By Erin Sherbert
By Howard Cole
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By Leif Haven
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As it turned out, fate had other plans, and Blumenthal's ascension would have to wait. In the meantime, he took on various crusades with a zeal that ingratiated him with law-and-order types and progressives alike. He banned ATM fees, sued Microsoft and Big Tobacco, and orchestrated a national campaign against misleading sweepstakes mailings. His enthusiasm for the national spotlight brought the occasional criticism of attention-seeking — "The most dangerous place in Connecticut is between Dick Blumenthal and a TV camera," Slate.com quipped back in 2000 — but he remained more or less popular in his state. Currently, the tanned 63-year-old is laying the groundwork for a 2012 Senate run.
Rather than disregard the unassuming two-page letter on his desk that fall day, Blumenthal found a new cause at which to throw himself with characteristic vigor.
"Every brick-and-mortar establishment has a responsibility to protect the safety of its employees, patrons, and the general public," he says. "And so, too, does an Internet site."
The first thing he did was fax Craigslist a short missive on Connecticut attorney general letterhead, appended with a copy of the mother's original complaint. "I am certainly concerned that children may have access to such explicit material," he wrote. "I would appreciate your review and response to the complaint, as well as any suggestions for improvement."
Twenty-four days after Blumenthal's first fax, an attorney for Craigslist replied with a four-page letter that effectively said, "Thanks, but no thanks." Lawyer Barry Reingold made clear that Craigslist was sympathetic to the woman's "desire to protect her children from personal advertisements that are intended for adult eyes only," but said it was quite frankly out of the company's hands. He suggested that she install a Web content filter, which, he pointed out, is "freely available, easy to use, and effective."
The law-and-order East Coast prosecutor and the Left Coast live-and-let-sin entrepreneur couldn't have been cut from more different cloths. Blumenthal was a sergeant in the Marine Corps; Newmark adopted a purple peace sign as the logo of his company. Blumenthal, a Brooklyn native, hails from a well-to-do family and holds degrees from both Harvard and Yale; Newmark, a Jersey boy, is more humble in stature as well as pedigree, having earned his computer science degree from Case Western Reserve University in Cleveland.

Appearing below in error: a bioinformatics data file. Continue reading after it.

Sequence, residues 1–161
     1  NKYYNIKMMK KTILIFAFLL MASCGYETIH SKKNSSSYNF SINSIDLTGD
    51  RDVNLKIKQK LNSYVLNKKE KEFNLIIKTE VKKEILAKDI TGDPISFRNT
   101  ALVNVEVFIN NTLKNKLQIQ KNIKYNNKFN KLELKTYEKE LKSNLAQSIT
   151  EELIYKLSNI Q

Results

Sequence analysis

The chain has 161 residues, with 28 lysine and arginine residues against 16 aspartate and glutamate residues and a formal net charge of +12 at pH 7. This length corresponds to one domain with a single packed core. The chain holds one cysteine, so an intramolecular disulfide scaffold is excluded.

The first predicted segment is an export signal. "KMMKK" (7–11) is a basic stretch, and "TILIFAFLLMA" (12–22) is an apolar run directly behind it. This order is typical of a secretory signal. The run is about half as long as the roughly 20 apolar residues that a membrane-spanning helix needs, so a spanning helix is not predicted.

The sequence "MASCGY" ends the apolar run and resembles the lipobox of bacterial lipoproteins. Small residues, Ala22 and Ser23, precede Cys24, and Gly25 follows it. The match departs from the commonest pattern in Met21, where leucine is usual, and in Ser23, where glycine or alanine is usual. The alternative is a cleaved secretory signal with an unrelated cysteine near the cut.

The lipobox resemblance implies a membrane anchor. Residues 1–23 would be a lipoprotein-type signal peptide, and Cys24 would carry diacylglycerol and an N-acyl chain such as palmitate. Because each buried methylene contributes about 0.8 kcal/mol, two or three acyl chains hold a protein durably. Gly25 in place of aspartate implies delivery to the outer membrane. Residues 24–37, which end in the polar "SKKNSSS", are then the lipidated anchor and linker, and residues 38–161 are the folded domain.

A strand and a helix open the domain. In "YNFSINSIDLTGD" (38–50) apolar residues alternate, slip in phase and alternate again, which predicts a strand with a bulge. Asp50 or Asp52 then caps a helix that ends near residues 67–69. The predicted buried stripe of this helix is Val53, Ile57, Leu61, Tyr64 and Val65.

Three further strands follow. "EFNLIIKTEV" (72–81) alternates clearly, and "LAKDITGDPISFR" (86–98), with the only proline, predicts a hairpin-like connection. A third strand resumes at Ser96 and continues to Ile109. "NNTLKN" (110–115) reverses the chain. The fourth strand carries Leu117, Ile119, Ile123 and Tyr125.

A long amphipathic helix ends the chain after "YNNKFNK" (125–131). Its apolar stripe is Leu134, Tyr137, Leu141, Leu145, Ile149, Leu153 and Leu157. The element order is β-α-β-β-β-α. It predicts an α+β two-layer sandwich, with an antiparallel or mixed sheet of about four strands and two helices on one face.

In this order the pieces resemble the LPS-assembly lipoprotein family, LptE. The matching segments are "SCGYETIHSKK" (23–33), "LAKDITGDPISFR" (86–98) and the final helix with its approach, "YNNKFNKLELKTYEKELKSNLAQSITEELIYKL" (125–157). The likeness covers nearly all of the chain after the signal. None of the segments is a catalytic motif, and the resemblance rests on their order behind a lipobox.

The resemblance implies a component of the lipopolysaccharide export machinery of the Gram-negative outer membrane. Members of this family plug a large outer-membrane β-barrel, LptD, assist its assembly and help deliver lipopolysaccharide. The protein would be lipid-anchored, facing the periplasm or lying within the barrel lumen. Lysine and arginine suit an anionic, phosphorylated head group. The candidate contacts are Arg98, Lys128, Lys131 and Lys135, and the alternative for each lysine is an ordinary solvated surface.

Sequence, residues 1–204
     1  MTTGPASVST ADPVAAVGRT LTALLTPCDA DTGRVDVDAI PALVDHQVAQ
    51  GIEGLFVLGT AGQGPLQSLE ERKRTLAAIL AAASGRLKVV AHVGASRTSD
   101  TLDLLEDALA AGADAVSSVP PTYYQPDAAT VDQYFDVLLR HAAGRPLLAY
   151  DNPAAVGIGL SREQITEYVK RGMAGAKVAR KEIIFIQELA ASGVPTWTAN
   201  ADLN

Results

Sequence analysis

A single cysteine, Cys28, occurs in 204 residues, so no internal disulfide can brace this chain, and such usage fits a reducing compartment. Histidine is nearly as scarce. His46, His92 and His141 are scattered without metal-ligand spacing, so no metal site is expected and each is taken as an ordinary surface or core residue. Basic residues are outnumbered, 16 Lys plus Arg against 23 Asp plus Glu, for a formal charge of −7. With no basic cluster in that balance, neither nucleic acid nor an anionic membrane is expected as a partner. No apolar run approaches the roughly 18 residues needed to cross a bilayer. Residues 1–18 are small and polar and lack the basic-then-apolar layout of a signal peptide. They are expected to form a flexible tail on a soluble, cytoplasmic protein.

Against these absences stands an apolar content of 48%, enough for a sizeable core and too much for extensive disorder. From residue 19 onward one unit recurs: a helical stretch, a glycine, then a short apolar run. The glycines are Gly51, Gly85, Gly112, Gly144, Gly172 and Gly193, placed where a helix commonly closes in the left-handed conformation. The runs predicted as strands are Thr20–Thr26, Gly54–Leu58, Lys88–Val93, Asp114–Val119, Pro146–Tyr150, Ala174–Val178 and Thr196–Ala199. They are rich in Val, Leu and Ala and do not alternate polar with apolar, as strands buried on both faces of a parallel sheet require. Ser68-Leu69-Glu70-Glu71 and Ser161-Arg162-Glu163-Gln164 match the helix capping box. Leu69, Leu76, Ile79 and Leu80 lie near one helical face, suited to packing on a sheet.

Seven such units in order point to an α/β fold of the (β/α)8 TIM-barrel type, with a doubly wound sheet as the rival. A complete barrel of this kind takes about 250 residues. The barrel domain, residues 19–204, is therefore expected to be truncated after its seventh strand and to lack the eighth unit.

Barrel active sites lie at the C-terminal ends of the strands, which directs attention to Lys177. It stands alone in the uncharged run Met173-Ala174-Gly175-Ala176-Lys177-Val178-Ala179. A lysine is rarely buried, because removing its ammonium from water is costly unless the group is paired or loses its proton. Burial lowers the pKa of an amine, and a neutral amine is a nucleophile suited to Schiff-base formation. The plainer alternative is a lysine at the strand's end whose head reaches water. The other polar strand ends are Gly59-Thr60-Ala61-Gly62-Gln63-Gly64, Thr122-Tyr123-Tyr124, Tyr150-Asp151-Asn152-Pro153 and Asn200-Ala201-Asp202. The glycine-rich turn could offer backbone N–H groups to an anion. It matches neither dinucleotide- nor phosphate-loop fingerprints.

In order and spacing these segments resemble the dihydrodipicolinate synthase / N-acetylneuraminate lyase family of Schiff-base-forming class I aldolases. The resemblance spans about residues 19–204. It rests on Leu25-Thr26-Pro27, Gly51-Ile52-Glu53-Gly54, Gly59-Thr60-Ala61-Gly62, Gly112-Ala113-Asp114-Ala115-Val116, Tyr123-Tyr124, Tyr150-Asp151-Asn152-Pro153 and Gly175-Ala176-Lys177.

But when a Connecticut woman was arrested on March 19, 2008, for prostituting herself on Craigslist, Blumenthal jumped back on the case, livid that sex-worker ads were still polluting the site.
"I am astonished and appalled by Craigslist's refusal to recognize the reality of prostitution on its Web site—despite advertisements containing graphic photographs and hourly rates, and widespread reports of prostitutes using the site," he wrote the company. "Craigslist must determine now what type of site it is. If it's truly concerned about the issue, it must devote resources and technology to eliminate these postings from its site."
Frustrated by what he perceived to be stonewalling, Blumenthal went public. He was quoted in the daily New Haven Register as accusing Craigslist of profiting from prostitution. He then laid into Buckmaster and Newmark for allegedly dragging their feet in implementing the agreed-upon changes.
In July 2008, the sides arranged their first face-to-face sit-down. Buckmaster, along with two Craigslist attorneys, made the cross-country trek to Rye, New York, just beyond the Connecticut border, halfway between Hartford and New York City. They met Blumenthal and a few of his subordinates in a coffee shop and, over the course of a few hours, hashed out an agreement.
Under the accord, Craigslist began asking advertisers to provide valid identification, in addition to charging Erotic Services advertisers a nominal credit card fee ($5 to $10) per ad, enabling the company to confirm users' identities and establish a digital fingerprint. Craigslist also vowed to donate all profits from the sex category on the site to various charities, particularly those that address child exploitation and human trafficking.
The agreement, honed and refined throughout last fall, was made public in November. A total of 40 attorneys general endorsed the deal, including those from Tennessee, Washington, Colorado, and Arizona (notable exceptions include Florida, Texas, California, Missouri, Minnesota, and New York).
Craigslist CEO Buckmaster says the company is doing its best to comply with the attorney general's concerns. "There are far more — and far more graphic — images on all of the general-purpose Internet portals and general-purpose search engines than anyone is ever going to find on Craigslist," he says. "That said, we aren't comfortable with any pornographic images being posted on Craigslist, and we're committed to eliminating that."